Hundreds of men who enlisted returned home after the war some broken in mind and body.  Others were dispirited by the rejection which they encountered.  The lost limbs, the crutches and the  primitive wheelchair were a regular sight around Athy after the war.  So too were the men who suffered the after effects of gas poisoning and those unfortunates who lived out their lives as shell shocked  army veterans.  There was no band to greet them at the railway station on their return, no church or civic leaders to praise them for what they had endured.  They returned to a country where the political scenario had changed after they had departed.  Irish Republicanism was in the accendancy, Sinn Fein having achieved remarkable success at the November 1918 elections.  The fight was not now with Germany  .  It was nearer to home and the working class men who had joined the British Army during the war  were by and large excluded from the rising tide of Irish Nationalism. 

How did men like Hugh Holohan of Belview who fought in the Dardanelles feel on his return home?  He served in the Leinster Regiment and in 1948 he died at the age of 76 years.  How about Michael Rowan, originally from Derryoughter, Kildangan who also served in the Dardanelles and who came back to this country suffering from shell shock. He later married Alice Wall and they lived at 41 St. Joseph's Terrace while Michael worked with Tom Brogan the blacksmith.  These men and their colleagues  lived out what remained of their lives in a town which in their lifetime did not acknowledge the part they had played in a horrific world war.  This year, the Town Council to its credit remedied that omission by unveiling a plaque on the Town Hall wall which in earlier years had formed the backdrop for the recruiting platforms of 1914 and later.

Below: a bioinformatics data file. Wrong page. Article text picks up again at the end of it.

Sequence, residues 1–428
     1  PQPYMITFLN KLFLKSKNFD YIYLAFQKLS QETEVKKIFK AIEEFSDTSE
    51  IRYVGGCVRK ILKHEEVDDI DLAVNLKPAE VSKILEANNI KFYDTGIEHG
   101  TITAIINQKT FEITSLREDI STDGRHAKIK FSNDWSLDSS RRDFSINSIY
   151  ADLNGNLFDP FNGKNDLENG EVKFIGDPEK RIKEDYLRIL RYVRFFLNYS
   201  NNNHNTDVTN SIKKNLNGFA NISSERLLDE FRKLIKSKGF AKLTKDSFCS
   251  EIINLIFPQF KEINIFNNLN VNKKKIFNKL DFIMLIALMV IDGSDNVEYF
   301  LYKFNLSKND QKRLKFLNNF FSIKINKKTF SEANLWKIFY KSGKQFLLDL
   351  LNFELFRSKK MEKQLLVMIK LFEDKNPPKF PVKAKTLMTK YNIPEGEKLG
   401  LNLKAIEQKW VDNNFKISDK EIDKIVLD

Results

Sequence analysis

Next Sunday, 12th November we will gather as many of us have done over the last fifteen or so years at old St. Michael's Cemetery at 3.00 p.m. to remember the war dead of this town.  The rejection and neglect of over seventy years can never be totally eradicated but at least now that our nations history acknowledges the sacrifices of the men of the 1914 – 1918 war, we can remember them  without in any way feeling that we are doing a disservice to what we ourselves believe in .  Whether you are a Republican, a socialist or party political member, commemorating the war dead of your town can be a tribute,         not only to the young men of  a past generation but also to your own respect for our towns past history.

Later on Sunday 12th, there will be a performance of the Oratorio “Still and Distant Voices”   composed to commemorate the men of Athy who died in the 1914-1918 war.  It was previously performed approximately fourteen years ago at a time when many of the generation which succeeded those men of the Great War were still alive.  Manyof the sons and daughters of the war veterans attended that performance which was put on in the Presbyterian Church in the Dublin road.  Next Sunday, the Methodist Church in Woodstock Street will be the venue.  Music for the Oratorio was composed by Mairead O'Flynn and the words provided by that wonderful wordsmith John McKenna.  Performing on the night with be the author himself John McKenna with Charlie Hughes and Mary McCormack.  The singers will be Jacinta McDonnell and Sean Loughman with music provided by Mairead O'Flynn.  The Oratorio is an impressive piece of work and is being specially put on next Sunday the 12th as part of the Remembrance Day ceremonies for the war dead of Athy.  Incidentally, admission is free and the performance starts at 8.00p.m. 

The events of Sunday 12th November follow on after the ceremonies held earlier in the year for the 90th Anniversary of the 1916 Rising.  That we can celebrate our Republicans traditions while acknowledging and respecting the part played by our townsmen in a world war while wearing a British uniform is surely a measure of our maturity as a nation and is society.